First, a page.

“This exemplary interdisciplinary book is an engagingly written and thorough study of a very interesting cycle of late medieval wall paintings.” —Pamela Sheingorn, CUNY Graduate Center, New York
Giovanni Canavesio, a Piedmontese artist-priest active in the last decades of the fifteenth century in the southern Alps, left behind a significant body of work, including pictorial cycles and altarpieces. This book is an in-depth analysis of his most ambitious cycle on the Passion of Christ, completed in 1492, on the walls of the pilgrimage sanctuary of Notre-Dame des Fontaines outside the French town of La Brigue.
Plesch’s primary aim is to understand the cycle’s complex and multi-layered meaning. She analyzes the subject matter of the scenes, the significance of their order, how the pictorial and graphic sources were adapted, and the range of formal and visual means used to convey content. Plesch also places Canavesio and his pictorial cycle within wider contexts of the production and consumption of religious art and the nature of devotion in an early modern rural Alpine community.
The two facets of Canavesio’s life and work—that of artist and that of priest—are also discussed. Plesch argues that the religious messages conveyed by the cycle scenes, as well as the strategies used by the artist to convey meaning and to structure the viewer’s experience, were indeed informed by his training as a priest. Canavesio’s approach to the definition of meaning, as well as his pictorial strategies, are considered in the context of the medieval art of preaching, an art whose rules derived from those of rhetoric. By also placing the cycle within the larger universe of late medieval religious devotion, Plesch connects Canavesio’s work not only with preaching but with devotional meditation and religious theater as well.
“In Painter and Priest, Véronique Plesch has produced a thoroughly engaging study that has immense implications for iconographic study not only in art history but also in medieval religious theater, since the latter also is essentially a visual art and one to which she makes frequent reference. The book exhibits a brilliant methodology, taking into account the interconnections between local, regional, and international conventions in the work of the talented artist who created the frescoes at the church of Notre-Dame des Fontaines at La Brigue. In minute detail, she examines every aspect of Giovanni Canavesio’s work in order to identify characteristics derived from Piedmontese art, Netherlandish painting, German wood engravings as these were circulated throughout Europe, and local artistic practices of the Duchy of Savoy. She provides a warning that every influence on an artist’s production requires scholarly attention, and that it is not adequate to make connections or comparisons with examples of iconographic imagery “cherry-picked” from international sources alone. The local context, including the architecture of the building for which the artwork was created, matters, as does the effort by the artist to produce religious pictures designed to stimulate devotion and to reinforce collective memory. It is a book that will be worthy to stand on one’s shelf among such works as James H. Marrow’s Passion Iconography and, for those fortunate enough to have been able to acquire a copy, Gordon McN. Rushforth’s Medieval Christian Imagery." —Clifford Davidson, Professor Emeritus, The Medieval Institute, Western Michigan University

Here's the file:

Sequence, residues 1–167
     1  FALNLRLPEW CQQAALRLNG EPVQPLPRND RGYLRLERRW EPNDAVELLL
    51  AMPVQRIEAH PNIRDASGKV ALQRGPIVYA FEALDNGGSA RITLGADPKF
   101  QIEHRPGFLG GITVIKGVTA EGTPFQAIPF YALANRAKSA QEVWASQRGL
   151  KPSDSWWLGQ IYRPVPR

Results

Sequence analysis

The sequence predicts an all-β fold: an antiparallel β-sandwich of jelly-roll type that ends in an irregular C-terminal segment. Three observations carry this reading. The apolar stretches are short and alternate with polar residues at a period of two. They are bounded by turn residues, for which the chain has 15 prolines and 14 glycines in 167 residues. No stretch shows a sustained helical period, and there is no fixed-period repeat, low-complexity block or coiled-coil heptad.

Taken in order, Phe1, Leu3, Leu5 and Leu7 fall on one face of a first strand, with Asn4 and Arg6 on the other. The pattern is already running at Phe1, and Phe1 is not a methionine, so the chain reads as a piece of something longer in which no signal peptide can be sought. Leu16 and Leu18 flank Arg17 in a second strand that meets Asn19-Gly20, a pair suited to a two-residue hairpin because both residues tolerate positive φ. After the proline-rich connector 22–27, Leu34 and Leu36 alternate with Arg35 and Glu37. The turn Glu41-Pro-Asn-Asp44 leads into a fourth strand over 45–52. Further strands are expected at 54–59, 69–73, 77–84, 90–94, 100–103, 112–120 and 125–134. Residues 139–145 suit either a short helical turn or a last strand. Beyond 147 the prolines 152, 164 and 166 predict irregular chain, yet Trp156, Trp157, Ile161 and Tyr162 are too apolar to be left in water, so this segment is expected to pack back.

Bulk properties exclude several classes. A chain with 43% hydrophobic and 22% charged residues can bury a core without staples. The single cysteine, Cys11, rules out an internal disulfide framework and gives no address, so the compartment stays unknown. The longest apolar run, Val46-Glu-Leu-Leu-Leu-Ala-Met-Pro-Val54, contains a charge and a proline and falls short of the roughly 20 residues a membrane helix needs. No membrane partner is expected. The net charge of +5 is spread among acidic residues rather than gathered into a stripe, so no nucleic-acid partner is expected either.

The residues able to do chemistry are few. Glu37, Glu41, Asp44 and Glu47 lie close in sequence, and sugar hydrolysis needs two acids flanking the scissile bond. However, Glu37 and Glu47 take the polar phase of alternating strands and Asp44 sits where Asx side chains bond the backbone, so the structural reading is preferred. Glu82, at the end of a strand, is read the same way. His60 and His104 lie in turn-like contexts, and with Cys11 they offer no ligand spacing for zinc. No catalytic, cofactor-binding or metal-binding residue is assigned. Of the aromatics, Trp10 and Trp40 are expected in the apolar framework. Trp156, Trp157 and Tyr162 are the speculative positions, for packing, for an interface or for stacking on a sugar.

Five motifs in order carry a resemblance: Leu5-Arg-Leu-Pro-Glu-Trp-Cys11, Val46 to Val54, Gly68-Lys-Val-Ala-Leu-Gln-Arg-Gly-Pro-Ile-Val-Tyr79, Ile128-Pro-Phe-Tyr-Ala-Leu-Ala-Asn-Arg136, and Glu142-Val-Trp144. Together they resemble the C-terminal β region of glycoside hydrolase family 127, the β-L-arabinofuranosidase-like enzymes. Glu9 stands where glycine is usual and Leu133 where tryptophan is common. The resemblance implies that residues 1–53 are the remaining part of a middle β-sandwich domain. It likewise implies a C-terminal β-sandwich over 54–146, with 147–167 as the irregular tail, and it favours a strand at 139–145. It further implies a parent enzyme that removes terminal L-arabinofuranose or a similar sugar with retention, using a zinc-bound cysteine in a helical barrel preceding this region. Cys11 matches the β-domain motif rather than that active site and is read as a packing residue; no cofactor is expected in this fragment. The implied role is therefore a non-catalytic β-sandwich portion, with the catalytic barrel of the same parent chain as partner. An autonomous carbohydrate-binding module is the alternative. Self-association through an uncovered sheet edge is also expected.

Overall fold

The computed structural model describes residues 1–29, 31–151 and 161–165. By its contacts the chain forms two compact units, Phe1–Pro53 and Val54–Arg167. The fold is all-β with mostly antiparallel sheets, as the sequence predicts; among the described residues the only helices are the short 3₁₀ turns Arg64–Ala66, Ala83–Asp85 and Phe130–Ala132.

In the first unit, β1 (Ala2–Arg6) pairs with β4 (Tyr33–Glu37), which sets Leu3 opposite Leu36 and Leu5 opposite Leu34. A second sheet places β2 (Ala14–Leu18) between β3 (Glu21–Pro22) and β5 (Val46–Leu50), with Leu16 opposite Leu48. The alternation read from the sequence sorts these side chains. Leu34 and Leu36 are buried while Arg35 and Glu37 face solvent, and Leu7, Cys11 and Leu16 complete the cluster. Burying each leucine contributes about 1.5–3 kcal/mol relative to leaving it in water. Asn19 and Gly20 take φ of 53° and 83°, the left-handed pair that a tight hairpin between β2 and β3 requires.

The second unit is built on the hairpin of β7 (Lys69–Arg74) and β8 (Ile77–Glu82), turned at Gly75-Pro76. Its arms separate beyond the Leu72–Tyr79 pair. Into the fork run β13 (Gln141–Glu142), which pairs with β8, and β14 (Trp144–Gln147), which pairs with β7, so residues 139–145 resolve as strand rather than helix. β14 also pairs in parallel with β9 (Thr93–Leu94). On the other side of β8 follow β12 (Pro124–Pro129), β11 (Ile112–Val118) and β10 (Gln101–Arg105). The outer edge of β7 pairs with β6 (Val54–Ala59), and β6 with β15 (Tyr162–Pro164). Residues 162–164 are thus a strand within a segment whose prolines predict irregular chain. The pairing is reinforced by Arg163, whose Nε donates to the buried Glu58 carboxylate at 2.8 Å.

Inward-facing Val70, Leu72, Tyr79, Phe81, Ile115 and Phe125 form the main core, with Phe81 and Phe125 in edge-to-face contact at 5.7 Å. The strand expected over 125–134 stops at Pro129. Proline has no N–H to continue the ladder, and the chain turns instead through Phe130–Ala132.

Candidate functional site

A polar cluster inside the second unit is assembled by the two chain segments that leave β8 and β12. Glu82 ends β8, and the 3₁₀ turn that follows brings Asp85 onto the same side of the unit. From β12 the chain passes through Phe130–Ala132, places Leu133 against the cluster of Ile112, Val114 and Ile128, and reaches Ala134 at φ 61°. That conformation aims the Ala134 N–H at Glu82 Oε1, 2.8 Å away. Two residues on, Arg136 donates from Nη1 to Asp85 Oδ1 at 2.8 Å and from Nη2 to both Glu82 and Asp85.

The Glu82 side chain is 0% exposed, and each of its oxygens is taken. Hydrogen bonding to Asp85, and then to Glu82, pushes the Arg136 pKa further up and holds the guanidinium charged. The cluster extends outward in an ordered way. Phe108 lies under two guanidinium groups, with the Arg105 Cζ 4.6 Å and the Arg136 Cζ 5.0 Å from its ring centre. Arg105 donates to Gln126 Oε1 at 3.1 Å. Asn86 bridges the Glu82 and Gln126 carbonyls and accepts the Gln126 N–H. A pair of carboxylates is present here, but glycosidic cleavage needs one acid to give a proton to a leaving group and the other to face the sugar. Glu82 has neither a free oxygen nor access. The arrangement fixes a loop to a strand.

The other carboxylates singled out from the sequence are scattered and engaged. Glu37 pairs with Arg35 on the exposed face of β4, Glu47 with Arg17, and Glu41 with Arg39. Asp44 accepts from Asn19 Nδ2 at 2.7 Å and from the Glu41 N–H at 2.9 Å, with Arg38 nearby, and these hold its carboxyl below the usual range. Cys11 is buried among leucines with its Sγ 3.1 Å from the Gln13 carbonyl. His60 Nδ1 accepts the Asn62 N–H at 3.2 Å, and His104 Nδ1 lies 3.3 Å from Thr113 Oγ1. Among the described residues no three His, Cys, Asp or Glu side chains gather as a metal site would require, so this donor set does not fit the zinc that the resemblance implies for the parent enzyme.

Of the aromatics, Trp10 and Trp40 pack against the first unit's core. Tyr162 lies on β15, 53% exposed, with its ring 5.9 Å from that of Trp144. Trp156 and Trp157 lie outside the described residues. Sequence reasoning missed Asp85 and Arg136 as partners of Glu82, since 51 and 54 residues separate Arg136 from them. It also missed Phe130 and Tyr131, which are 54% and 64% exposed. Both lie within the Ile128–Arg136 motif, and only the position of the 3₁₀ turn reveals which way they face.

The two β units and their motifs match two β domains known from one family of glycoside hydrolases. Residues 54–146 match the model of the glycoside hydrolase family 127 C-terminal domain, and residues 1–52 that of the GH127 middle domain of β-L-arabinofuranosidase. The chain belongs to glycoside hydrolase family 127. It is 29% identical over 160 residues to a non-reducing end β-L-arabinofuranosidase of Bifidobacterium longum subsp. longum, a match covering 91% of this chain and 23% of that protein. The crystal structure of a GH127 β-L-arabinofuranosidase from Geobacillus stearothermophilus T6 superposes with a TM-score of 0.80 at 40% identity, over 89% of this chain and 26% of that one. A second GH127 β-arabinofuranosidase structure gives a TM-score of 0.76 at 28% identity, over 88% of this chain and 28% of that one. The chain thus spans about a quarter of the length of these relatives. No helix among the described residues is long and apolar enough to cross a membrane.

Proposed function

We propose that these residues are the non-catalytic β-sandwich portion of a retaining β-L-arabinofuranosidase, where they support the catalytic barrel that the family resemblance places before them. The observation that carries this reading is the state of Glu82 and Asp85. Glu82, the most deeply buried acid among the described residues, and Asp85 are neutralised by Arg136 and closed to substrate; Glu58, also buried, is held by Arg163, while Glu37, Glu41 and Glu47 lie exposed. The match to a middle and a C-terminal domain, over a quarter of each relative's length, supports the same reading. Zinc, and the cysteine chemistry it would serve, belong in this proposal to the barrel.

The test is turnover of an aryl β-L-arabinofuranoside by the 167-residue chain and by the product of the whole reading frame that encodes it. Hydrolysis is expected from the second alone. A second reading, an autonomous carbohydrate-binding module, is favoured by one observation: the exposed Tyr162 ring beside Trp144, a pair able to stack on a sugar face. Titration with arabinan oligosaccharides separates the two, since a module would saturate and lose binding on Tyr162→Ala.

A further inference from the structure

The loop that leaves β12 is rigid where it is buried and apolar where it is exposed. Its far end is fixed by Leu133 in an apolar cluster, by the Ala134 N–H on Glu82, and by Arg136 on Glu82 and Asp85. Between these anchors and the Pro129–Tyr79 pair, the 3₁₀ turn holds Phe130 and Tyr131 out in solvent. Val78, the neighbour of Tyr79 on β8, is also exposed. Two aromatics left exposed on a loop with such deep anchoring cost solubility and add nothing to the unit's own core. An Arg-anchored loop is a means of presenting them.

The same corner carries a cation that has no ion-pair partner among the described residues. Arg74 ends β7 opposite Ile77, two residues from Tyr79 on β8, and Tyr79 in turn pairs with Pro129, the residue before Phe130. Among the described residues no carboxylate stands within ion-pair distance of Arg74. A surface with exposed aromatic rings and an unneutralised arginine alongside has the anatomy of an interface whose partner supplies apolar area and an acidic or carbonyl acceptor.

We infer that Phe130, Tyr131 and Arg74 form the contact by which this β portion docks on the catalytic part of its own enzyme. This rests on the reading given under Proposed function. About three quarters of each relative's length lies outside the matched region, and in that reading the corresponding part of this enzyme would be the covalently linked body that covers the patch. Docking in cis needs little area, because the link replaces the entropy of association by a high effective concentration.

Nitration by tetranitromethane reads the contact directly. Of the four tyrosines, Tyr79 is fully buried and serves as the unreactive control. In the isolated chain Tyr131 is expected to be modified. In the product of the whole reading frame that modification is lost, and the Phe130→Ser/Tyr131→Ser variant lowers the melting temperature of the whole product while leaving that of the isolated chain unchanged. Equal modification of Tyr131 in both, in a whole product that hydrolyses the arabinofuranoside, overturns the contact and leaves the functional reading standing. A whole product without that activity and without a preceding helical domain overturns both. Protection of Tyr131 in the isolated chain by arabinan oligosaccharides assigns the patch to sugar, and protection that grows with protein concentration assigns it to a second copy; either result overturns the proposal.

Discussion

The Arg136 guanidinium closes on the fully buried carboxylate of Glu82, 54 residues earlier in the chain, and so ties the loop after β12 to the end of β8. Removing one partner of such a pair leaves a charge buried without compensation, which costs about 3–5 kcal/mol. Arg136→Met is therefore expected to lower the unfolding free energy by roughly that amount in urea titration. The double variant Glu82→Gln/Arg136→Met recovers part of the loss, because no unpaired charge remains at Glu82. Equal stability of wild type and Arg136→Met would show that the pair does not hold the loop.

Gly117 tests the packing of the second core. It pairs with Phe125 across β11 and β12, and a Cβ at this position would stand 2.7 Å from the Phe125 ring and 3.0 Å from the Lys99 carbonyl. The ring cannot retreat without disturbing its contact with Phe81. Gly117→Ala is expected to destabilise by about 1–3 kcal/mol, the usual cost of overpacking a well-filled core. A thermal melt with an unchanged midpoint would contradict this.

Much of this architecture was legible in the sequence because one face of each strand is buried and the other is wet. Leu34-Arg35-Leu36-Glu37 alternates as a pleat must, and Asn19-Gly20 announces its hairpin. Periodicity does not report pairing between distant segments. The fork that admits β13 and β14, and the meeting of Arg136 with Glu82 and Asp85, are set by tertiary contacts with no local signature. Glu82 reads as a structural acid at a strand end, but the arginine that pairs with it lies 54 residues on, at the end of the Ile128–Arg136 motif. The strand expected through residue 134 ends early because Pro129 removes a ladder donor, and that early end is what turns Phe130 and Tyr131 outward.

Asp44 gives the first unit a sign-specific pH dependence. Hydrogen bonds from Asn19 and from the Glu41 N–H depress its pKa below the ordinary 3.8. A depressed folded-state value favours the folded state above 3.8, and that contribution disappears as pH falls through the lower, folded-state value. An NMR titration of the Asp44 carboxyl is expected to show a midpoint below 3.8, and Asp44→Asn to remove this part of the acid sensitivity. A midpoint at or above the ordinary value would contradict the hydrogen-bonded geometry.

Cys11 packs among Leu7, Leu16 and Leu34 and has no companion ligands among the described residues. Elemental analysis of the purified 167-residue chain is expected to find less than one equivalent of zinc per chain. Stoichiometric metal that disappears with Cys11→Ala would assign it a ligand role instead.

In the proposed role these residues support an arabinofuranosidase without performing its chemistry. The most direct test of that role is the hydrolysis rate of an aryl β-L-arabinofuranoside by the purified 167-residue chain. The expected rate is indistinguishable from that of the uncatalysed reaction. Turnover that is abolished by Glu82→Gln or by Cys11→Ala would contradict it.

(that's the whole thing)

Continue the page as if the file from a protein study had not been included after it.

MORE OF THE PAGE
“Densely bound and packed with information, the study considers the fifteenth-century pictorial Passion cycle from the pilgrimage sanctuary at Notre-Dame des Fontaines in La Brigue; the twenty-five paintings that make up the cycle are examined in their rich (and sometimes gory) detail. . . . This book is an engaging case study and achieves its aim of establishing this cycle as worthy of further study by art historians and historians alike.” — Religion and the Arts
“With exhaustive descriptions and analyses, the author considers this little-studied region and artist, his sermonic rhetoric, and interwoven pictorial sources. According to the author, Canavesio drew upon his experience as a priest to manipulate form and content, rhetorically emphasizing confession, repentance, and the Good Death. . . . This study remains a thorough, highly organized, and well-observed contribution to the study of this Piedmontese artist.” — Renaissance Quarterly
“. . . Plesch draws the reader in with her lively account of the fresco cycle and its larger cultural contexts. . . . This study ultimately rewards the reader with a broad contextual reading of these frescoes and a thoughtful analysis of issues that reach far beyond late medieval Savoy.” — The Catholic Historical Review
“Plesch [places] Canavesio and his cycle within wider contexts of the production and consumption of religious art and the nature of devotion in an early modern rural Alpine community. The work is recommended for acquisition by university libraries and will also be helpful to undergraduates.” — Fifteenth Century Studies
“Featuring high-quality paper and quite a few stunning full-color illustrations . . . Painter and Priest is a close examination of Giovanni Canavesio’s works in order to distinguish its characteristics drawn from Piedmontese art, Netherlandish painting, and German engravings.” — Wisconsin Bookwatch